Sunday, November 11, 2001

Cities donate toward annexation law repeal

Townships crying foul over use of public funds for campaign

The Associated Press

        COLUMBUS — Several Ohio cities have given money to a petition drive aimed at repealing a new state law giving townships more voice in annexations.

        Joyce Bushman, city manager in suburban Pickerington and one of the leaders in the effort, said about 30 municipalities have donated about $250,000.

        She said Columbus City Council has given $20,000. Besides Pickerington, other central Ohio cities contributing include Dublin, Gahanna, New Albany, Obetz and Westerville.

        If organizers collect enough valid signatures, the issue would go on the November 2002 ballot.

        The group has collected 225,824 signatures. It needs 201,256 of them to be valid for putting the measure on the ballot, said James Lee, a spokesman for the Ohio secretary of state's office.

        Columbus City Council President Matt Habash said suburban officials asked the city to chip in. Five City Council members sent a letter last month to Ms. Bushman pledging their support.

        The money came from City Council's budget, said Melinda Swan, council chief of staff. The council does not have to vote to spend $20,000 or less.

        Mr. Habash said there was no attempt to avoid a public vote on the money.

        “We sent out a public letter,” Mr. Habash said. “It's public information.”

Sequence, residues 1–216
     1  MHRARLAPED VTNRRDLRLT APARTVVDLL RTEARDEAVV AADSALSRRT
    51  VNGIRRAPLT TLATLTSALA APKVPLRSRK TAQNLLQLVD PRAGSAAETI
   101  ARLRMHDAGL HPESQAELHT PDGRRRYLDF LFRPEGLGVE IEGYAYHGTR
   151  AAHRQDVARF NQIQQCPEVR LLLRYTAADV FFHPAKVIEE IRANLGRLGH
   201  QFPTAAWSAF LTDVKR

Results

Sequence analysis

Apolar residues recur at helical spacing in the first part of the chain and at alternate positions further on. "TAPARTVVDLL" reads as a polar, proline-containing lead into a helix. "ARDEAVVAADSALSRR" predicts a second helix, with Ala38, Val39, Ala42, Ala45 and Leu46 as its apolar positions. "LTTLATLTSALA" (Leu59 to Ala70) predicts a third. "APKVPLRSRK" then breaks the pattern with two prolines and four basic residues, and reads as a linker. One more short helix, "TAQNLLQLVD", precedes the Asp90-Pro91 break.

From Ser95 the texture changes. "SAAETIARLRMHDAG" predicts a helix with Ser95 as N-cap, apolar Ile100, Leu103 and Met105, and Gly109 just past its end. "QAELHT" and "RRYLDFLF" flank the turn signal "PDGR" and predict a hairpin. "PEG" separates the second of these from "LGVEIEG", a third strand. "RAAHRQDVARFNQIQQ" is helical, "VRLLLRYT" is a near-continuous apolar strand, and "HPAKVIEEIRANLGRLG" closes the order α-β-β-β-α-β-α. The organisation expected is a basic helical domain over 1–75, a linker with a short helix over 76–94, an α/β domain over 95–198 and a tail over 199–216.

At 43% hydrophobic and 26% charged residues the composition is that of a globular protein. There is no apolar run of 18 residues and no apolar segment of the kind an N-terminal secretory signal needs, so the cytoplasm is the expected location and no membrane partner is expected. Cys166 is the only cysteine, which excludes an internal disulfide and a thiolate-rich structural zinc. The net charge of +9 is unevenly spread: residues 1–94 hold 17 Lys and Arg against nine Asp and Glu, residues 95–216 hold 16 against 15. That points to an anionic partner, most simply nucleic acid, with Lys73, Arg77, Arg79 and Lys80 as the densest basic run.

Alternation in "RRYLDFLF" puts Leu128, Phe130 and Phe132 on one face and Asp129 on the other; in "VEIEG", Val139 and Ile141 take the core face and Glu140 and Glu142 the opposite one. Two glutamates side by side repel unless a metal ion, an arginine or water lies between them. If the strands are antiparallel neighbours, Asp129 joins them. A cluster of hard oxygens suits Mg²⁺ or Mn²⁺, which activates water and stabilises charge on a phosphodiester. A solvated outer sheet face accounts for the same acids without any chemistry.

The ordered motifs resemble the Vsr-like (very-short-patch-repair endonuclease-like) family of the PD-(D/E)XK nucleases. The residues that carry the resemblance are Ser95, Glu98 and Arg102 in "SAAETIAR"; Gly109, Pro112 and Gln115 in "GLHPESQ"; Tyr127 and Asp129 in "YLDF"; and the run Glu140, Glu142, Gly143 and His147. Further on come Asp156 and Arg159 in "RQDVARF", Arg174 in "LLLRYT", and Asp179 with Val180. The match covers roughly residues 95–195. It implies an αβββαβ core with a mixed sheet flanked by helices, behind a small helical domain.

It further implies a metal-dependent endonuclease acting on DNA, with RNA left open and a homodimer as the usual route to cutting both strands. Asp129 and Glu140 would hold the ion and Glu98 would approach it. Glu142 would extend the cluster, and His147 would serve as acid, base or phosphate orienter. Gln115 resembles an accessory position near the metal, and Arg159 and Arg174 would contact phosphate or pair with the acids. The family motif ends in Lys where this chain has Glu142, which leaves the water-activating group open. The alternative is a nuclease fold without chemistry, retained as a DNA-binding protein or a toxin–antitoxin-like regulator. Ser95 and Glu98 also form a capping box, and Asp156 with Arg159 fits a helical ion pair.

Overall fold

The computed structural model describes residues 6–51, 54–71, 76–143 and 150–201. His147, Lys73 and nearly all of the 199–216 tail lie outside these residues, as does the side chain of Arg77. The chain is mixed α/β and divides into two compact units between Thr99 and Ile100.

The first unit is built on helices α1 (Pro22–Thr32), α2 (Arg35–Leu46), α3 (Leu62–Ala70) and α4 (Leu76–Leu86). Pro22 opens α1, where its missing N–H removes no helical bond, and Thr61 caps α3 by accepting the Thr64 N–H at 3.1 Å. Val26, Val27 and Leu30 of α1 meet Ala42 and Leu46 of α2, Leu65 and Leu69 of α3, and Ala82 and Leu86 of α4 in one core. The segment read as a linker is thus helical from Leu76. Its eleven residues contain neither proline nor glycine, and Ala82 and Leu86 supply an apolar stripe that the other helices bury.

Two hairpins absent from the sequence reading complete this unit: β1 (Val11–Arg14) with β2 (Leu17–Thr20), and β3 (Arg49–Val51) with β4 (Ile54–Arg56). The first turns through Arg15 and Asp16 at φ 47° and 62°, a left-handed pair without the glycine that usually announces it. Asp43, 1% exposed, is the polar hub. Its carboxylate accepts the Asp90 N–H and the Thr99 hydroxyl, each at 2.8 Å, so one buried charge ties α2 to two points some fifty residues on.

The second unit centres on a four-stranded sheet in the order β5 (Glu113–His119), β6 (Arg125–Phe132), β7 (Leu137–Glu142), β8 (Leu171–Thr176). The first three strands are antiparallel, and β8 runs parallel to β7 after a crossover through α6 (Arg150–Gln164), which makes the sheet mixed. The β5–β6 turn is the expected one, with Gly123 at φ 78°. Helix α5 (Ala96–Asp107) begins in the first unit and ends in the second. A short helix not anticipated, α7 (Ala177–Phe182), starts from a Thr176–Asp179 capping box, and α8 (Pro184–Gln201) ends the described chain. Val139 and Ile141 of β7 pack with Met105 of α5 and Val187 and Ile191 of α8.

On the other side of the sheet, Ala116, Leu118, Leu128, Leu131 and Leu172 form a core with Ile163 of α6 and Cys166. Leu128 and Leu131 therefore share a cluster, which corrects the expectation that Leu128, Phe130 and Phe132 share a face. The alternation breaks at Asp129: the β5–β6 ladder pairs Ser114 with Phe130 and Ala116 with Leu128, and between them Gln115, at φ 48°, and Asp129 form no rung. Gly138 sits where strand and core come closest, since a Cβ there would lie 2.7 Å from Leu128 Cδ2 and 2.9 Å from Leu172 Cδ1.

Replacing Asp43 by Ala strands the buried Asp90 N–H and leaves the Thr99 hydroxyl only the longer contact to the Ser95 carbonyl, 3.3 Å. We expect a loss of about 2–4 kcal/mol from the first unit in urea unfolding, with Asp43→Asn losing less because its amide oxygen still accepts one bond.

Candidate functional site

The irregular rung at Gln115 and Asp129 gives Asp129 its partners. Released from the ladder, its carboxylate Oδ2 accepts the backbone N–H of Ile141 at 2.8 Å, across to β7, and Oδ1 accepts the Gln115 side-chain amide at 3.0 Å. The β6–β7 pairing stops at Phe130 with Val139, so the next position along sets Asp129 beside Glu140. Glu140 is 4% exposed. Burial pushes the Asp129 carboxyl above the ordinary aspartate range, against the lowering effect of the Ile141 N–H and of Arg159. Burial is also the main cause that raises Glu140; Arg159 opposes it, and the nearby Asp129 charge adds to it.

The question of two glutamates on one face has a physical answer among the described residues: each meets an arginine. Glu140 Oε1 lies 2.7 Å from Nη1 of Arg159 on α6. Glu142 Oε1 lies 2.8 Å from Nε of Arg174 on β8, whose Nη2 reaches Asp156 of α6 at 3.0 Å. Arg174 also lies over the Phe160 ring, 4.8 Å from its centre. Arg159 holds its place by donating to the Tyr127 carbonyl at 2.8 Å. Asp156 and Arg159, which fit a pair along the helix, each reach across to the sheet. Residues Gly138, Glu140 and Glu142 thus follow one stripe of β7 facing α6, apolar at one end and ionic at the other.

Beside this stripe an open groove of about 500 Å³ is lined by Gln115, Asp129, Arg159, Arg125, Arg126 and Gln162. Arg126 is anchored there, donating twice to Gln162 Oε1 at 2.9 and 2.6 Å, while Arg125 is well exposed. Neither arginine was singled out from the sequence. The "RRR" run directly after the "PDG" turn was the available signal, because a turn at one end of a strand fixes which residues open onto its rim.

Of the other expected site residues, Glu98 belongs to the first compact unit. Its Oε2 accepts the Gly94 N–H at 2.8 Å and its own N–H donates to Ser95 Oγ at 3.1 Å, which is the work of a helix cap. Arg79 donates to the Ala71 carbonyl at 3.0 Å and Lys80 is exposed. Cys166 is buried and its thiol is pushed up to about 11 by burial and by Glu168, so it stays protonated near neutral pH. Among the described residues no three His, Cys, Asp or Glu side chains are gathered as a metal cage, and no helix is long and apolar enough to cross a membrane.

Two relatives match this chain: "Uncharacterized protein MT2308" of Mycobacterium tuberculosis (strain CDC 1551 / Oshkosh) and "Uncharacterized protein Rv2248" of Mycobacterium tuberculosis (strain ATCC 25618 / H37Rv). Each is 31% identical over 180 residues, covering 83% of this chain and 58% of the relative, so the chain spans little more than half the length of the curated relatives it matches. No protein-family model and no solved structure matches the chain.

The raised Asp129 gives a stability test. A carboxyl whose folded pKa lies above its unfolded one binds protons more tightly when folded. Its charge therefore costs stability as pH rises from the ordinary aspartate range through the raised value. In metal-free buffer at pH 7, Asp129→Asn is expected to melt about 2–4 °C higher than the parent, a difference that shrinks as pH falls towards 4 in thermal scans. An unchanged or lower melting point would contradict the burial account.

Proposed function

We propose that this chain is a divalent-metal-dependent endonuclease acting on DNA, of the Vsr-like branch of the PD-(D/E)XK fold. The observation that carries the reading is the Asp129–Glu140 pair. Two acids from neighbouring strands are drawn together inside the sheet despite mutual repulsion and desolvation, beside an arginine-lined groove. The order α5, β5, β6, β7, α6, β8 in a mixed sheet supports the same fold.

Taxpayer lawsuits were filed last month against Pickerington and Westerville to stop the use of public funds to promote the repeal.

        Attorney J. Gregg Haught, who represents the plaintiffs in both cases, said he expects similar lawsuits to be filed against other communities.

        Mr. Haught, who also represents Ohioans for Fair Annexations, a coalition put together in part by the Ohio Township Association, described the donations as “a substantial amount of money.”

        The township association believes using public funds to fight the annexation law is illegal.

        “Fundamentally, governments in Ohio authorize money to spend only for public purposes,” Mr. Haught said. “Referendum is a right reserved for the people.

        “A purpose like this is a private purpose,” he said of the attempt to repeal the law.

        Attorney Don McTigue, who represents the No on State Control of Property Rights committee, said city legal directors and attorneys have studied state law to make sure contributing to the effort was legal.

        “It serves a municipal purpose,” Mr. McTigue said, noting that the annexation law affects a city's growth.

        Mr. McTigue said no public money can be used once the issue is on the ballot.

        The law generally gives townships more input into annexation proceedings, requires cities to provide certain services to annexed land within specific time periods and reimburses townships for lost revenues.

        The Ohio Municipal League has taken a neutral position on the petition drive, said its deputy director, John Mahoney.

        Mr. Mahoney said the league had opposed the law, but some cities had concerns about donating public money to the petition drive.


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